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Teenagers can have an impact

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Teenagers can have an impact

Amanda Roth

Amanda Roth

Amanda Roth

Staff Editorial

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   As of now, we’ve seen Iowa and New Hampshire cast their votes to nominate our next crop of Presidential candidates. Of course, we are all watching as observers; Connecticut doesn’t get to vote until April, and even then, most students won’t be able to vote, not being 18.

  That being said, voting isn’t the end-all be-all of democracy, not by a long shot. There are ways in which we can engage ourselves, both at a local and broader level. Further, we shouldn’t just be involving ourselves on principle; there are significant real-life changes and consequences that are made possible just through our increased involvement. We all benefit from the positive changes that we can effect in our communities.

  It’s understandable that sometimes we can feel as though we have no sway on what goes on around us. As young people, we may sometimes feel stifled by older figures who have more life experience, leading us to think that our opinions and role in society are steeped in naivety and wouldn’t be impactful.

  As students, it’s easy to feel trapped in the system, constantly trying to chip away at a growing pile of work and reaching for higher GPAs. It’s even easier to get caught up in our current situation and forget that there are larger discussions and issues playing out all around us.

  But while it may be easier to blame our circumstances and external pressures for discouraging us from being aware of and engaging in larger societal issues, our tendency towards the ease of apathy usually stems from a lack of our own convictions and motivation to be self-determined.

  The least we can do for ourselves is to at least understand the issues at play. In doing so, it lets people take action when they have a motivation to do so. Action is made that much more meaningful when people choose to be actively aware and knowledgeable about the situation.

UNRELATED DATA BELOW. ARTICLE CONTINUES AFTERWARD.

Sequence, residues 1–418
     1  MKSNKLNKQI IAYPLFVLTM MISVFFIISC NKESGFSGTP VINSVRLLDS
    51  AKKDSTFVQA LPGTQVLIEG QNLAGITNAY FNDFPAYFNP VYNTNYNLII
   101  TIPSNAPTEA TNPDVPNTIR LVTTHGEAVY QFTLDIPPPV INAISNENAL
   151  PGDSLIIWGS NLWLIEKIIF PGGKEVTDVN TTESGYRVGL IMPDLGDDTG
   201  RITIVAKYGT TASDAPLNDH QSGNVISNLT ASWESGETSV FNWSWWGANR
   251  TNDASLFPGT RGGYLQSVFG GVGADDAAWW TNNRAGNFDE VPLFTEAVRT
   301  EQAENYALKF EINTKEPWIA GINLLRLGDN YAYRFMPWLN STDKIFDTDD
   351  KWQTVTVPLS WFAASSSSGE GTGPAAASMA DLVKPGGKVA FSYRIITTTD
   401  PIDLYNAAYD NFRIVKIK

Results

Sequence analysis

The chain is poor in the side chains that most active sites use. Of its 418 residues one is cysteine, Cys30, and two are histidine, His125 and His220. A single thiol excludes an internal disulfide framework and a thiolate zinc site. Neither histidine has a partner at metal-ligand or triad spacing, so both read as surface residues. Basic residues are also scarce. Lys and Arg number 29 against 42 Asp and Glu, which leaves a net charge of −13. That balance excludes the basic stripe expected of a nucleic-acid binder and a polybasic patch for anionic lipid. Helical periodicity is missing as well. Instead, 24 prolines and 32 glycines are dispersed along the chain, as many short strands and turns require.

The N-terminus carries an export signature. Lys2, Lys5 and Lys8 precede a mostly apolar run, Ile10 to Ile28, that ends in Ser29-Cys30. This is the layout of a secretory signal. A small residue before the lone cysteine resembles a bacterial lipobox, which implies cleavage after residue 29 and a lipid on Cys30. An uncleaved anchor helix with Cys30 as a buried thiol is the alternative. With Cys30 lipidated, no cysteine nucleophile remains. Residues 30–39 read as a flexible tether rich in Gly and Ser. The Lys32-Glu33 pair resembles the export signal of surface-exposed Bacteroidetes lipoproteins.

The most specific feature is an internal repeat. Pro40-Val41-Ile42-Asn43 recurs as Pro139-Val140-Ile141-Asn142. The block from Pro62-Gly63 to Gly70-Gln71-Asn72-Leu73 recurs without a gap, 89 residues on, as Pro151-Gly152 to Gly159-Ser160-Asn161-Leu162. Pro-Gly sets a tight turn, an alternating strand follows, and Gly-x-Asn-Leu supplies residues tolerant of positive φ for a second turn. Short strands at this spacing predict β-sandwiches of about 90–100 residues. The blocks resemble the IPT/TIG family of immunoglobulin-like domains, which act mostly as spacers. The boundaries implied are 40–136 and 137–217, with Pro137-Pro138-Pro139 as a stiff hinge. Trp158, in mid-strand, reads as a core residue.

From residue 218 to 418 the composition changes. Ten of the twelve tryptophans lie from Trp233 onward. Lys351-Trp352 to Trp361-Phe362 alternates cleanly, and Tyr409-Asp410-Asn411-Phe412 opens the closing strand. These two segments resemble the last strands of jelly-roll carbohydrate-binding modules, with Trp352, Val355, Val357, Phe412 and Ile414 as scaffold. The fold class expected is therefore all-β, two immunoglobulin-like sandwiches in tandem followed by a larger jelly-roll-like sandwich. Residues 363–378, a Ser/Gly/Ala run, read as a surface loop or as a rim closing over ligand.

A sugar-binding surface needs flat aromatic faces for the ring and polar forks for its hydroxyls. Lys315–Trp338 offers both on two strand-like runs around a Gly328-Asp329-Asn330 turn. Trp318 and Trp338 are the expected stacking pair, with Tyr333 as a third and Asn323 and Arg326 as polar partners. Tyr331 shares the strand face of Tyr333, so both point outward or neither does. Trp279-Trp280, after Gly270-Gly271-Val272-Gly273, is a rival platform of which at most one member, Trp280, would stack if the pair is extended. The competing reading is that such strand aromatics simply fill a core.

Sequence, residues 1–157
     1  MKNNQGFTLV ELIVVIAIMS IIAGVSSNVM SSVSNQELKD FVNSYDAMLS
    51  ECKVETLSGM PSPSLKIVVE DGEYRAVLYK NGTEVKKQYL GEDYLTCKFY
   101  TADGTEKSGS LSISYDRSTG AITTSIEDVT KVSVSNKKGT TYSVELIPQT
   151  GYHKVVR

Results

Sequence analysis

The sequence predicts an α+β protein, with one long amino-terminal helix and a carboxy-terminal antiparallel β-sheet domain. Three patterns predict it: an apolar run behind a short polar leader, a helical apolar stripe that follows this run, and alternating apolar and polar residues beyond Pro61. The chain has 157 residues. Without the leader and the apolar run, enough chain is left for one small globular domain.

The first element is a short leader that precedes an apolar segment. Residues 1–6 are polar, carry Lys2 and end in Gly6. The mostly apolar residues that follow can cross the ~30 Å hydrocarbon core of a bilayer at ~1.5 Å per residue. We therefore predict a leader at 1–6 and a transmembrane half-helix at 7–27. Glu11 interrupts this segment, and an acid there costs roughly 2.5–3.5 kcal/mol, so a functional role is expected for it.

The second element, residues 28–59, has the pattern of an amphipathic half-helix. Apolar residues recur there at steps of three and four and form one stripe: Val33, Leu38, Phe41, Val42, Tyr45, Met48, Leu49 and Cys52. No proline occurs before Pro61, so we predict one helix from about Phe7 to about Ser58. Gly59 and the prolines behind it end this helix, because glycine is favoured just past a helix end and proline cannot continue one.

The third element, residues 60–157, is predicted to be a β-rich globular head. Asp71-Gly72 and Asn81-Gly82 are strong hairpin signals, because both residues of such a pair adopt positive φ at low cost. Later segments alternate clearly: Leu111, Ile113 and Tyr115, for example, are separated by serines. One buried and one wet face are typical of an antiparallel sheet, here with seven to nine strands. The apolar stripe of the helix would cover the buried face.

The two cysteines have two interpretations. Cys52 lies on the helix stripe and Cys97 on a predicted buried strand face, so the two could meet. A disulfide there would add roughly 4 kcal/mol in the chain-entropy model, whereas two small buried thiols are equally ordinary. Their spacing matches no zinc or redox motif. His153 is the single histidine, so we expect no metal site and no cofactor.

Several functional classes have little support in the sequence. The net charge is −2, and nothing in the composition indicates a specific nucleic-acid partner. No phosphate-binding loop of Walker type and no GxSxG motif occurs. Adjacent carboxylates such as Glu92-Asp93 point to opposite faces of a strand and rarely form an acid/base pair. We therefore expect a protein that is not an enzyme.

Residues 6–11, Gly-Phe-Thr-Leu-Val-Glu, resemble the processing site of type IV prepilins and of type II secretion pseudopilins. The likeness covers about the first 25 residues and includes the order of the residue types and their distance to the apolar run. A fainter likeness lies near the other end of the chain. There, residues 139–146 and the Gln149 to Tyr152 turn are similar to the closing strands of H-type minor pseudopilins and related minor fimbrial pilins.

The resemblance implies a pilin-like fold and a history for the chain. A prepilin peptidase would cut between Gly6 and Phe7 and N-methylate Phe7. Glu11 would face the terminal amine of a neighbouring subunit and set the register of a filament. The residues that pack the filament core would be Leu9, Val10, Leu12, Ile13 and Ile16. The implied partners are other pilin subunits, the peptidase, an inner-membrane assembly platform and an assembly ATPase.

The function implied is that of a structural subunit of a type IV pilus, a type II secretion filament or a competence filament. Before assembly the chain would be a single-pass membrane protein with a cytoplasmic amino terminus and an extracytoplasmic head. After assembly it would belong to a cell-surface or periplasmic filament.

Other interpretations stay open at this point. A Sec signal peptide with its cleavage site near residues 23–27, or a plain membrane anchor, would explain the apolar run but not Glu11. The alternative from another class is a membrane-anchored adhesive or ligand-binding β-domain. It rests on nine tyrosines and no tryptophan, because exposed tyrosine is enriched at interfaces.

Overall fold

The issues in question can range far and wide, anything from national politics to things that hit much closer to home, such as last year’s cafeteria boycott. We all watched as the boycott grew from online conversations to a substantive schoolwide movement after students made an effort to understand the contract the district had signed with Chartwells, and what they could do about it.

  Whether or not one agrees with the actions being taken, a certain respect has to be afforded to those who are willing to stand up for what they believe in. It takes a certain amount of conviction and determination to transform ideas into action, whether the intention is to create something new or to fight an injustice. But none of it would be possible without choosing to learn about and understand our dynamic world and the issues people struggle with.

  We may only be anywhere from 13 to 18 years old, nowhere near legal or just on the cusp of adulthood, but we still have the opportunity and potential to make a difference and become part of the larger conversation – if not now, then later. But these formative years we have now are so incredibly crucial to building a solid foundation of understanding and good habits of constantly learning about the world.

 

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Teenagers can have an impact